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Old December 27th, 2017, 08:49 AM
Doug Kerr Doug Kerr is online now
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Location: Alamogordo, New Mexico, USA
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Often the names that are given to things reveal much about the state of mind of the person, or company, that gives the name.

Eastman Kodak coined the name "Ciné-Kodak" for their first motion picture camera, and then applied that as the marque of essentially all their motion picture cameras for quite a while. At one point, the shifted the spelling to "Cine-Kodak", perhaps feeling that including the accent aigu was too something for American consumers.

But the use of that marque came to an end in a funny way. In 1956, Kodak introduced the Cine-Kodak Medallion-8 camera, an easy to use magazine-loading 8-mm movie camera, intended for the typical home movie shooter. It had interchangeable lenses, and one version was equipped. as its "kit lens" (as we would say today), with a focusing lens. The lens aperture was set in the familiar way with a ring on the lens.We see that version here:


We see that it is equipped with a "zoom" viewfinder so that the field of view of the finder could be made to match that of the lens that was aboard.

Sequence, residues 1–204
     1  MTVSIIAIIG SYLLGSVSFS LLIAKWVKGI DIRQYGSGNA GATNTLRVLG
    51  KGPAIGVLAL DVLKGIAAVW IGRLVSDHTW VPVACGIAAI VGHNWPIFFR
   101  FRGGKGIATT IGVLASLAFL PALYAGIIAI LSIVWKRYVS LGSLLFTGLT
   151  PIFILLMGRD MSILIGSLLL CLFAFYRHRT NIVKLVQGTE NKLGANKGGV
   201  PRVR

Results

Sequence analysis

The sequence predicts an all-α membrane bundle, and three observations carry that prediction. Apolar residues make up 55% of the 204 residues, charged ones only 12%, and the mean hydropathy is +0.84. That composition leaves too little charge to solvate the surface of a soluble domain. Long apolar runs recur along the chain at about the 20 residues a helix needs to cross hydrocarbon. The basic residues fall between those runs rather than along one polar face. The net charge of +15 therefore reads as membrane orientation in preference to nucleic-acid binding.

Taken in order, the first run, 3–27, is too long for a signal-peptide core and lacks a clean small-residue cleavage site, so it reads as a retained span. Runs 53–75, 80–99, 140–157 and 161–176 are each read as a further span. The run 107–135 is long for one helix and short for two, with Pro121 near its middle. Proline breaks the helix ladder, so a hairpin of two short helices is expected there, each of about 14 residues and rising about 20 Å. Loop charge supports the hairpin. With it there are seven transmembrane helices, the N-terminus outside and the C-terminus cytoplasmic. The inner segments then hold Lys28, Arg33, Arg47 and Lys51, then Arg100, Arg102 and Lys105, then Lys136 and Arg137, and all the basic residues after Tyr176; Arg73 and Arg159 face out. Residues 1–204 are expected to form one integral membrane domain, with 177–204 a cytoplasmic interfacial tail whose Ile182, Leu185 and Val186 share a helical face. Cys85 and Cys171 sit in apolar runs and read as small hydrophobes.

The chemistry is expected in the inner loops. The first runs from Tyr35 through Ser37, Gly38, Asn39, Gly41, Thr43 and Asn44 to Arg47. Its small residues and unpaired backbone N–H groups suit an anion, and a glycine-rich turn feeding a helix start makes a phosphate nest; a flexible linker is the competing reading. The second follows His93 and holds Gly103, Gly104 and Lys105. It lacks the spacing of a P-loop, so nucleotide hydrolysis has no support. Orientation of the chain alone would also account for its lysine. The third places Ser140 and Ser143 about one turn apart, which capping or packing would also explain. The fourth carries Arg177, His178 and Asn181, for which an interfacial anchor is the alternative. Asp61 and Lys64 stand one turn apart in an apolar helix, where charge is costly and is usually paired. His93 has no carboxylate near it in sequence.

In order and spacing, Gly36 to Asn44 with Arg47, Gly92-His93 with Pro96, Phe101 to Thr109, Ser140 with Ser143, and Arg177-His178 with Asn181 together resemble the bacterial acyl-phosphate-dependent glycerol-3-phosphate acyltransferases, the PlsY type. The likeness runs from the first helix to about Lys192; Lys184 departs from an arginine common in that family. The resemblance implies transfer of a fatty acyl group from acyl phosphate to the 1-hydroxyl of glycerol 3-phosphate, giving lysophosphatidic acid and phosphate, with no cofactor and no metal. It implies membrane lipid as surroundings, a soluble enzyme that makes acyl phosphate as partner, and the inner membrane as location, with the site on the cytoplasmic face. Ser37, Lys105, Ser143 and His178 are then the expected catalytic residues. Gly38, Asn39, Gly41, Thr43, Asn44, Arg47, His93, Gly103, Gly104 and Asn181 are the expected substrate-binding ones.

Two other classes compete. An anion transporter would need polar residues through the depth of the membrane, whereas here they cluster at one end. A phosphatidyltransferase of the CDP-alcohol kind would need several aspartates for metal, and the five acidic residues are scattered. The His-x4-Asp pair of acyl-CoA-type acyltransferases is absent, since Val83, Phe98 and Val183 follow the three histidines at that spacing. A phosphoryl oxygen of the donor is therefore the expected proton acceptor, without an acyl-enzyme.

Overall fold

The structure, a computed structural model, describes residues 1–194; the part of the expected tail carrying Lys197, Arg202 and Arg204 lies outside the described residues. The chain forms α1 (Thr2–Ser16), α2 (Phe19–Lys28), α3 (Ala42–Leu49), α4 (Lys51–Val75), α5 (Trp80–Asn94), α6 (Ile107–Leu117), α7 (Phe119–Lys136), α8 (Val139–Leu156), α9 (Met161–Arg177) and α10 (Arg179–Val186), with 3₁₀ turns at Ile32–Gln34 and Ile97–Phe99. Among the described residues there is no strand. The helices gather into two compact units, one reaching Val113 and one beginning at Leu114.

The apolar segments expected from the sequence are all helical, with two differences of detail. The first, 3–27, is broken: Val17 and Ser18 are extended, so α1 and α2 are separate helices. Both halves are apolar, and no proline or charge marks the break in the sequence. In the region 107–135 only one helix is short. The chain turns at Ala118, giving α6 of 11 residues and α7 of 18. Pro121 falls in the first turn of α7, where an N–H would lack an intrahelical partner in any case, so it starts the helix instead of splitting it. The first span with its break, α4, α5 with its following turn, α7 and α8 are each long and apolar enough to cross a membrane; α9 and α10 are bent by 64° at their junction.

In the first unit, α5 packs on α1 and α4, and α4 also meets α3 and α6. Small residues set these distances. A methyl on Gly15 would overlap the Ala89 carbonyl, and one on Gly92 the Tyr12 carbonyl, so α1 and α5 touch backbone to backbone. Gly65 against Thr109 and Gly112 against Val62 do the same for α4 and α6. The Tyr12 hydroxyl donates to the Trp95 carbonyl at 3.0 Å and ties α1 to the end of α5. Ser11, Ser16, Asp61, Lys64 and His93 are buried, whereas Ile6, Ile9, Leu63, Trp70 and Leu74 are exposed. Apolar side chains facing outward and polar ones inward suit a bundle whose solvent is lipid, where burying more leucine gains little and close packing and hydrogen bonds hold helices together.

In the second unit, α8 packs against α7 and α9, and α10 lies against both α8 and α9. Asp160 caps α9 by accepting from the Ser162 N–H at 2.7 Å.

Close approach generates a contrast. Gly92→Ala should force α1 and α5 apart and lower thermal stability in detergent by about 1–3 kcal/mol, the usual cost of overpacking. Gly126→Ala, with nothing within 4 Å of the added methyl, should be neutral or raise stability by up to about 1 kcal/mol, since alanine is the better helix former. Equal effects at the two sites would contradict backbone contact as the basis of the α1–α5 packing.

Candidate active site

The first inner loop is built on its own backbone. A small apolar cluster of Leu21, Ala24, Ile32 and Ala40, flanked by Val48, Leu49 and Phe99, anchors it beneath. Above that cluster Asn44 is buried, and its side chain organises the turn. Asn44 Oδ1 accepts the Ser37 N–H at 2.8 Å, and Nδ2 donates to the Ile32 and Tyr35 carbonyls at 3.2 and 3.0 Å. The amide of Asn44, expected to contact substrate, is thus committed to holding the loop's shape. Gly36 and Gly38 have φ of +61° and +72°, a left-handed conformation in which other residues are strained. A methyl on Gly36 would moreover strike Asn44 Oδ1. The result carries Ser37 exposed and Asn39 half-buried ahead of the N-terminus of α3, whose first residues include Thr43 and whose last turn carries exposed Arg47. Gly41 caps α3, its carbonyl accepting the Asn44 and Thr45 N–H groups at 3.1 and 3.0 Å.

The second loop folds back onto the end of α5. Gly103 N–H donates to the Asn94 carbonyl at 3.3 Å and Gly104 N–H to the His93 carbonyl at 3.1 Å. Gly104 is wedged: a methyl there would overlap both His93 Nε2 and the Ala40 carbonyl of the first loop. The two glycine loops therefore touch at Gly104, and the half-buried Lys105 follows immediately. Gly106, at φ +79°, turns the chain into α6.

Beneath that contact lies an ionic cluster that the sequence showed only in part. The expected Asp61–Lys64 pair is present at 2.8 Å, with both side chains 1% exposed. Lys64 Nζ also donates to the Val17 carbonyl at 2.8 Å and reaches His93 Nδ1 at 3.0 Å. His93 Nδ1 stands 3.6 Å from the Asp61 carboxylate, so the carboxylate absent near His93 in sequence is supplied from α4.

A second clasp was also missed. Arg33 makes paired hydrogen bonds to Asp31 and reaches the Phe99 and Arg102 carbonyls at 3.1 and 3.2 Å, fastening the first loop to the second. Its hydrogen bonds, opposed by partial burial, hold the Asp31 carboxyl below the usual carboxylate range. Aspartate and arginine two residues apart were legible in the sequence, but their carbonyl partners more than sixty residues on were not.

These two "Medallion family" siblings were joined in 1997 with two further, rather different, versions. They both had embedded non-focusing lenses, and were equipped with a camera-based aperture setting wheel that had provisions for setting the aperture based on descriptions of the scene and lighting situation. One version was equipped with a turret that put in place a wide angle or telephoto converter. The overall design was rather different:


Among other design differences, the "zoomable" viewfinder was gone, as there was no need to accommodate different lenses. (Well, there was the matter of the different fields of view on the turret version, but that was taken care of with three different "frames" in the viewfinder.) And they lost the slot to accommodate a carrying strap (a feature that none of the other Kodak movie cameras had anyway).

In the Kodak literature of the time, these four versions were spoken of as the "four Medallion models". But in fact, as a matter of detail, while the earliest two carried the name "Cine-Kodak Medallion-8", the two later versions carried the name "Kodak Medallion-8".

Now was it that these two "non-interchangeable lens" cameras were thought by Kodak to not deserve the honored "Cine-Kodak" name, of was it just a matter of timing: "Effective today, the name 'Cine-Kodak" will no longer . . ."?

It's hard to tell, from my vantage point.

But is is interesting.

Best regards,

Doug
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